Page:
NEW YORK -- U.S. stocks closed flat in a short session on Wednesday as investors found few reasons to push major indexes to their sixth straight day of gains despite strength in biotechs and bullish labor market data.
While both the S&P 500 (^GPSC) and Dow (^DJI) touched intraday records, and the Dow closed at a slight record, the day's moves were slight and volume was light with many market participants already out for the Christmas holiday.
In a session that ended three hours early, about 2.5 billion shares traded on all U.S. platforms, according to BATS exchange data, well below the month-to-date average of 7.66 billion. Markets will reopen Friday.
Equities have been on a hot streak of late, with the Dow closing above 18,000 for the first time ever on Tuesday. The S&P 500 rose 5.5 percent over the past six sessions and has notched 51 closes this year, the most since 1995 and the fourth best in history.
Recovery in Biotech
Those gains have come on central bank assurances and improving economic data, a trend that continued with jobless claims on Wednesday. Initial claims for state unemployment benefits dropped 9,000 to a seasonally adjusted 280,000, their fourth straight week of declines, and below the forecast of 290,000.
"Equities are heading towards the year-end finale in a good position," said Terry Sandven, senior equity strategist at U.S. Bank Wealth Management in Minneapolis. "Fundamental and macro factors are supportive of higher equity prices, and clearly today if you look at the claims data which was generally in line with expectations, it still points toward an improving labor market."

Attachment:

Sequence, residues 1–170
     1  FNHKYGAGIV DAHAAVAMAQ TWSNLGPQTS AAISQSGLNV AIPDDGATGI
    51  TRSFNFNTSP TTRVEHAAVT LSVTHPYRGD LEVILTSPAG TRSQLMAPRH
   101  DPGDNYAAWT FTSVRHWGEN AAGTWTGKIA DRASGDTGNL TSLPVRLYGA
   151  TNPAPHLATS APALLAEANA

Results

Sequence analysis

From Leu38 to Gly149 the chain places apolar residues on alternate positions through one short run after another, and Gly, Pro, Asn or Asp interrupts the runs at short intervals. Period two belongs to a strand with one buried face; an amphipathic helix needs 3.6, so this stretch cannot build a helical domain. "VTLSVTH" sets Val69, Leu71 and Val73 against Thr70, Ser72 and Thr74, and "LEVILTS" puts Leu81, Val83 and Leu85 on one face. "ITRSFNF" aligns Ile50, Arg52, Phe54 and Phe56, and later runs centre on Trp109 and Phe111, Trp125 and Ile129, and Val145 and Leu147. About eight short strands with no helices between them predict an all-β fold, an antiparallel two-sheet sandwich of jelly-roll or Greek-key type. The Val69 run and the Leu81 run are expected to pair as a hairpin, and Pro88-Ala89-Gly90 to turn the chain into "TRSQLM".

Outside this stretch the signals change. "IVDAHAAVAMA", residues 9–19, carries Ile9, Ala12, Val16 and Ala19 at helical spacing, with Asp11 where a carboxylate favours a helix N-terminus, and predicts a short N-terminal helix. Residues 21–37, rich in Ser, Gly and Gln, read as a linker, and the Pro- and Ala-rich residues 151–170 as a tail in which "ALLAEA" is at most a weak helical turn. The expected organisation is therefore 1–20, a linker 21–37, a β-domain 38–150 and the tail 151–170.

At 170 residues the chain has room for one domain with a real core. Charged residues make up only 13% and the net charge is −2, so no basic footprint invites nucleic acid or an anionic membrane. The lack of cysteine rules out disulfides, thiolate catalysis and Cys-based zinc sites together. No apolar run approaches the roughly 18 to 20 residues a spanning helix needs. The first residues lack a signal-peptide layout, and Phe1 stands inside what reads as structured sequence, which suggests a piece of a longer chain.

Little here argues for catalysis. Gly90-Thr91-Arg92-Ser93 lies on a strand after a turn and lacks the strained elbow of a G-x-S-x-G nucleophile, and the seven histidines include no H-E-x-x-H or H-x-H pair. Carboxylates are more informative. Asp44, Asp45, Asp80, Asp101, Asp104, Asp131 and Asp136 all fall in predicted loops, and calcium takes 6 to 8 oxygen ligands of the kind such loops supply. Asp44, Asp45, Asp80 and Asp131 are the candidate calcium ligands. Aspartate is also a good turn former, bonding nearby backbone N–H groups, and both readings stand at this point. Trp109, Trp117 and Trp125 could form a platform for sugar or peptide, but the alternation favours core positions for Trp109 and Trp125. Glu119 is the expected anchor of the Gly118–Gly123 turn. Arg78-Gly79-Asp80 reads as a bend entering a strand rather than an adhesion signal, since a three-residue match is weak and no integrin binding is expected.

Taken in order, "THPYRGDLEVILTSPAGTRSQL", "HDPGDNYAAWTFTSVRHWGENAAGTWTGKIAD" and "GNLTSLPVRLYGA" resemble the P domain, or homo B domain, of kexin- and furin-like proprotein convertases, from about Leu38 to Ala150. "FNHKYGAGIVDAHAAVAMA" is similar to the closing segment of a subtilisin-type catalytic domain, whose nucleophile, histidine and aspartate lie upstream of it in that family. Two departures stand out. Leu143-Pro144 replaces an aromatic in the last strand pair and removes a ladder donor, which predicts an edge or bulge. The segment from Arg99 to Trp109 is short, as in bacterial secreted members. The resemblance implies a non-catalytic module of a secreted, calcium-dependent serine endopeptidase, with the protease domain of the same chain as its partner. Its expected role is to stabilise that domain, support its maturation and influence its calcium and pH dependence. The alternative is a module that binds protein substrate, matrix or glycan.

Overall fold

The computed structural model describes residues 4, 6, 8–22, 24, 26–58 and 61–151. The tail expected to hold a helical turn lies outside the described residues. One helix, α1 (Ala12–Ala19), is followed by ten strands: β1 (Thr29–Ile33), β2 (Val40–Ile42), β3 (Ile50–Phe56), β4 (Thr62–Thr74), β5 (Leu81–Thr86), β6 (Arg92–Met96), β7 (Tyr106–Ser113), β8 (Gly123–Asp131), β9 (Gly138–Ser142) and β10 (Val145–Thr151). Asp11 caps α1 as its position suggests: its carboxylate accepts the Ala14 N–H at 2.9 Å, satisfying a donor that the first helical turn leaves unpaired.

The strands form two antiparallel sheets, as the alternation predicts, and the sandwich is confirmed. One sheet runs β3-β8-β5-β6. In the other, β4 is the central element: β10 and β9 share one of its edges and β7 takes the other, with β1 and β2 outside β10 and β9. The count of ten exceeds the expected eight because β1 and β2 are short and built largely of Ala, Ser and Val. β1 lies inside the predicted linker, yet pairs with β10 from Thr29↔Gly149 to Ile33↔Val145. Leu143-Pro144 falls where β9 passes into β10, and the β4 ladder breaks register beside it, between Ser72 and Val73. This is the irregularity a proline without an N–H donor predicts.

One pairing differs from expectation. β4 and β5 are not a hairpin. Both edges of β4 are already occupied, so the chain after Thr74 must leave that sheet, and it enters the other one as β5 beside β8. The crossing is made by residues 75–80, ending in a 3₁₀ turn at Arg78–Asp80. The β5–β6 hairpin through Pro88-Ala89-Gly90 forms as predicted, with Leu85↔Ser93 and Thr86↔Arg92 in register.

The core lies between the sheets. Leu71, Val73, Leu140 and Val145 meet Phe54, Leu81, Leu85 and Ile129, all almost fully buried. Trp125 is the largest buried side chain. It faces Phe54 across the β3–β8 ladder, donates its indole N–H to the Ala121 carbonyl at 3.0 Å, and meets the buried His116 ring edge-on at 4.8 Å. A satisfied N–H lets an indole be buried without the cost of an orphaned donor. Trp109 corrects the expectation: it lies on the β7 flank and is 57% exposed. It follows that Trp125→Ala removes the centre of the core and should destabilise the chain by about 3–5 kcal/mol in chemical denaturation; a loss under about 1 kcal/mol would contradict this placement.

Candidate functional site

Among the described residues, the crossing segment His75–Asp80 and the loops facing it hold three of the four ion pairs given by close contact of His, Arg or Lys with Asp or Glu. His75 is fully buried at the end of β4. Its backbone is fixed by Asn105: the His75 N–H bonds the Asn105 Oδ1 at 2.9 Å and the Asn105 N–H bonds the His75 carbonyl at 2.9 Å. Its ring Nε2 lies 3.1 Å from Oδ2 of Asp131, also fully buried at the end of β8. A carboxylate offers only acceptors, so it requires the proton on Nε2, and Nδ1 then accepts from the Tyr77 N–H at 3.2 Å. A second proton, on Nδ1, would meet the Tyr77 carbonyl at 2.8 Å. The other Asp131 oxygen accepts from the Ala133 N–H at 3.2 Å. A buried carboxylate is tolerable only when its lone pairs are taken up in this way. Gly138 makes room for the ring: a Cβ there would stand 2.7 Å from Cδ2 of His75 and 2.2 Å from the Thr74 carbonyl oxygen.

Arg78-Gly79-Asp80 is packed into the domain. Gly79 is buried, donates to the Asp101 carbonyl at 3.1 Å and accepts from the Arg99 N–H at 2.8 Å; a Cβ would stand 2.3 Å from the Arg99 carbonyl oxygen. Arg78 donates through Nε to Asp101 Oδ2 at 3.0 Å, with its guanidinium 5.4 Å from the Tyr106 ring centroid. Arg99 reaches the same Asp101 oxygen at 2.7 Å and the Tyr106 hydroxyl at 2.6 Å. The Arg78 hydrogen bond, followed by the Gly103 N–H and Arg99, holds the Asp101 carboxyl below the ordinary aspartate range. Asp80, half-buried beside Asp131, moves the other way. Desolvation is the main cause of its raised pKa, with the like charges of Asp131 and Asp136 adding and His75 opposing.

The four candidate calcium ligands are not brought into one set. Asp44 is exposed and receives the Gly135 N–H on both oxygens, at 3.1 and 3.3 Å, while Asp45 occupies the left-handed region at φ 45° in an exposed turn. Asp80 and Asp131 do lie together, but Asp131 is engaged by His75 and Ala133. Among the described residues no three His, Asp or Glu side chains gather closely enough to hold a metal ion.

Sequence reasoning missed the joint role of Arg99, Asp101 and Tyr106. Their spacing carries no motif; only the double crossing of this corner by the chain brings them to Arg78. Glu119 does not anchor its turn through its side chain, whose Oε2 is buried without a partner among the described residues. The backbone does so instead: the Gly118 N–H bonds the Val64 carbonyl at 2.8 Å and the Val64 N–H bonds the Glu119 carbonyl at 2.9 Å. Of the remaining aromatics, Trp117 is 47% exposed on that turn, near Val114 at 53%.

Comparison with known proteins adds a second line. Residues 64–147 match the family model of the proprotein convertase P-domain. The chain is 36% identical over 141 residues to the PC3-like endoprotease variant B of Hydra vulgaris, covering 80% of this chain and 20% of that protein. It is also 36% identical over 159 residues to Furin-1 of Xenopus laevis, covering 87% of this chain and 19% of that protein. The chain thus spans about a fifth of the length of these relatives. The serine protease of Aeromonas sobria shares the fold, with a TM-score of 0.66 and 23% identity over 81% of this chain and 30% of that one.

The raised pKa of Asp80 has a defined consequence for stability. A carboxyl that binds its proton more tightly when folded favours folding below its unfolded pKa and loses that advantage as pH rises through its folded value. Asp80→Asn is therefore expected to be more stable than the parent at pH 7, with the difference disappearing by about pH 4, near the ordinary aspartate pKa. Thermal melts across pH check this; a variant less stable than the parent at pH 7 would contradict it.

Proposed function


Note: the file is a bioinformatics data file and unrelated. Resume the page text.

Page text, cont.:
Biotechs were the big gainers of the day, with the Nasdaq Biotech index up 1.6 percent in a partial rebound from the drop of nearly 7 percent over the previous two sessions. Celgene (CELG) rose 3.3 percent to $109.60 while Gilead Sciences (GILD) added 2 percent to $91.29.
The Dow Jones industrial average rose 6.1 points, or 0.03 percent, to 18,030.27, the S&P 500 lost 0.29 points, or 0.01 percent, to 2,081.88 and the Nasdaq Composite (^IXIC) added 8.05 points, or 0.17 percent, to 4,773.47.
Both the Dow and S&P closed out their sixth straight daily advance, the longest streak for the benchmark S&P since June.
Energy Sector Is Weak
Energy shares continued their recent weakness as crude oil lost 3.5 percent to $55.15 per barrel and hovered near its lowest level since 2009. The S&P energy index fell 0.8 percent; Exxon Mobil (XOM) lost 0.9 percent to $93.78 while ConocoPhillips (COP) slid 1.3 percent to $70.13.
Declining issues outnumbered advancing ones on the NYSE by 1,542 to 1,453, for a 1.06-to-1 ratio on the downside; on the Nasdaq , 1,550 issues rose and 1,090 fell for a 1.42-to-1 ratio favoring advancers.
The benchmark S&P 500 index was posting 78 new 52-week highs and five new lows; the Nasdaq Composite was recording 96 new highs and 24 new lows.
What to Watch on Thursday:
Markets are closed.
10 Simple Strategies to Slash Your Winter Energy Bills
Market Wrap: 6th Straight Day of Gains
Turn down the thermostat. Who doesn't know that? Throw on a sweater, dress in layers and keep your head and feet warm to make you even more comfortable. In fact, you'll sleep better if those popsicle toes are kept toasty, according to recent sleep research. Try a tip from the Brits and use a hot water bottle or heating pad to warm the bed down by the foot before you retire. Electric blankets are another way to keep warm.